A loans scheme for the funding of third-level education has been derided as a "bad deal for farming families" that will only place a "burden on young farmers".
The student loans model would see students incurring debt throughout their education before paying it off after graduation. This debt would be paid once the graduate started earning €26,000 per annum.
But Union of Students in Ireland (USI) president Annie Hoey told ThatsFarming.com that it will place pressure on families and will not work in the long run. Hoey, who is from a farming background, said that similar plans in the UK and America have seen third-level costs rise far beyond what was first indicated, with maintenance grants being lost in the former.
"In the UK when they brought in the loan, it was only at £1,000, now they are looking at £9,000 and up to £16,000 a year. Eventually the maintenance grants were scrapped in the UK and were replaced with loans, leading to even more of a burden on the students.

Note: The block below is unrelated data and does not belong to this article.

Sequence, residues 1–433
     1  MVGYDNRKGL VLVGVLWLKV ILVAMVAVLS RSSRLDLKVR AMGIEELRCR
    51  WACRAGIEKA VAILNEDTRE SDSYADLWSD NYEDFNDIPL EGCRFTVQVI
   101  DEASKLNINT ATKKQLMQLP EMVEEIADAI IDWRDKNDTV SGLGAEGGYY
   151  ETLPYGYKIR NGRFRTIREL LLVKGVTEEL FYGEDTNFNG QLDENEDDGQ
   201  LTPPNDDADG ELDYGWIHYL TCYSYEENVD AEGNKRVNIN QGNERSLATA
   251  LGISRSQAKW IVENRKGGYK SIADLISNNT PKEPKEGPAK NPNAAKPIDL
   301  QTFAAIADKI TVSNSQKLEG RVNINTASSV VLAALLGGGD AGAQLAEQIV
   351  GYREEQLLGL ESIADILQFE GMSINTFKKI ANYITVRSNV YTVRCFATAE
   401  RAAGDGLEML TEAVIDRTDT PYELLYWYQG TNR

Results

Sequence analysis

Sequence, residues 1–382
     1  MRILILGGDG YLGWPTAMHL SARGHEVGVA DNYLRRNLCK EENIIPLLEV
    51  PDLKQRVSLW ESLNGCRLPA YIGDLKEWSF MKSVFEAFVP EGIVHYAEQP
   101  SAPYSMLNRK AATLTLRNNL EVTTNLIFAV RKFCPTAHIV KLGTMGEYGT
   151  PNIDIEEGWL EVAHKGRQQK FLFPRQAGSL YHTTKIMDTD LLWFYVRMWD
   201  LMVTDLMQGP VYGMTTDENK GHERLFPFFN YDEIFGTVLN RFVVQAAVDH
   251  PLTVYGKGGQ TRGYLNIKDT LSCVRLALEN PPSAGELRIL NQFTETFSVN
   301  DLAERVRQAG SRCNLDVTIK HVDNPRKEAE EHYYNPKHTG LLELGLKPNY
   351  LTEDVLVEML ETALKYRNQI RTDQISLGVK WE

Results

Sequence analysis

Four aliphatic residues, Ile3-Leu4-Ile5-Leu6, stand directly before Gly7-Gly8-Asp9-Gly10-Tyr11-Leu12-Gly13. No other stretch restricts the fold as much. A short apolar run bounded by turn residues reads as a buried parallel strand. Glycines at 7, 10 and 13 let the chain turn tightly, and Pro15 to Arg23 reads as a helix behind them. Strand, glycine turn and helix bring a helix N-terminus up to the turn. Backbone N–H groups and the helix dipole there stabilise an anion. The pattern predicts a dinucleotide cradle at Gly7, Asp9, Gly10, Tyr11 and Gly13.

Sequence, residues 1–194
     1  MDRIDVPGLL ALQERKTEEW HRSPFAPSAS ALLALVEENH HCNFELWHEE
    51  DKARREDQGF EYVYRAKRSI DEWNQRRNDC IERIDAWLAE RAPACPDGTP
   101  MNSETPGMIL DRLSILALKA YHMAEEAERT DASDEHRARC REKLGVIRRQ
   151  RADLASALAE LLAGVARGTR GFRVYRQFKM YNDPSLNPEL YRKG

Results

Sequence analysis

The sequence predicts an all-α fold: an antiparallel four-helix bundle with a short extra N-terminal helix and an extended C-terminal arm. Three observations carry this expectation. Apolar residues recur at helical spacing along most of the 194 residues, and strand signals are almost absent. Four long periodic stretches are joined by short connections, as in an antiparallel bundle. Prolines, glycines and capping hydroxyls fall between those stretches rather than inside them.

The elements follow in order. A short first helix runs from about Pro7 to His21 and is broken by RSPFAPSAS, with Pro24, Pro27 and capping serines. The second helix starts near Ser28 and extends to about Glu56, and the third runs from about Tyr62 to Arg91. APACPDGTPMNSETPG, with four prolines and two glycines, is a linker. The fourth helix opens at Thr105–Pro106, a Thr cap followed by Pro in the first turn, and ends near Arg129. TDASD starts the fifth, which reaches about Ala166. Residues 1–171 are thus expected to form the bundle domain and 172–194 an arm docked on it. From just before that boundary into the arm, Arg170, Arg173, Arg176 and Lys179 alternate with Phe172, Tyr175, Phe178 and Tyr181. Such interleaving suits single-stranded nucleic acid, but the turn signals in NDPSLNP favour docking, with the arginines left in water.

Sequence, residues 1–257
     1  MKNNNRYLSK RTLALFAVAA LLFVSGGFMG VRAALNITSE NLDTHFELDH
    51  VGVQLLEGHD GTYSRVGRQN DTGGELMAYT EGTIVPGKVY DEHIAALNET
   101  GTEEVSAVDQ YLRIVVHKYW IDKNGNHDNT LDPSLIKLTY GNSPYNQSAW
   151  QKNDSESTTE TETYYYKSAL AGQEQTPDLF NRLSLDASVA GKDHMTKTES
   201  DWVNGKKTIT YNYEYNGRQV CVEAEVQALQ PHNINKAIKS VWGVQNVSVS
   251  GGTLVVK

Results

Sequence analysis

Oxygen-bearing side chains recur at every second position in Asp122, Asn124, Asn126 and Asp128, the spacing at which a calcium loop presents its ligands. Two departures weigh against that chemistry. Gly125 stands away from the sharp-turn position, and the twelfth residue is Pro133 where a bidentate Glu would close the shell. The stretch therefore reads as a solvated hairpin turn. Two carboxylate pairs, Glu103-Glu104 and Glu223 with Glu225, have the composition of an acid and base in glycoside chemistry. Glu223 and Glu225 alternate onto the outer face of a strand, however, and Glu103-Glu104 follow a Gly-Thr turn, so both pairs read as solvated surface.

"Right now we are being told for Irish students it could be €20,000-plus debt, but the "plus" is very important here. There is no where in the world where loans are reduced. It's a can of worms, [they will] add on a bit on here and another bit on here. Many farming children rely on the grant, it wouldn't have been comprehensible to go on to college without the grant," she said.
A poll in this week's Irish Examiner showed that more farm families were against to the loans plan than in favour, while off-farm income households were in favour of it.
This did not surprise Hoey, saying farm families "know what it's like to have to pay back loans, often from a very young age. To take on the running of a farm, or of a business, they wouldn't wish that additional loan on a young person because they know hard that can be. I think many farmers have had to take out loans outside of morgatrages to buy equipment, buy stock, and I think they know and don't want their children to go through with it".
However she did concede that the USI may have to compromise on their aim of a free education model funded by general taxation, saying that a compromise may have to be sought with a lowering of the registration fee.
"We won't wake up in 2017 and have publicly funded education, but the aim right now has to be not to burden young people's futures and to actually invest in young people's futures", she said.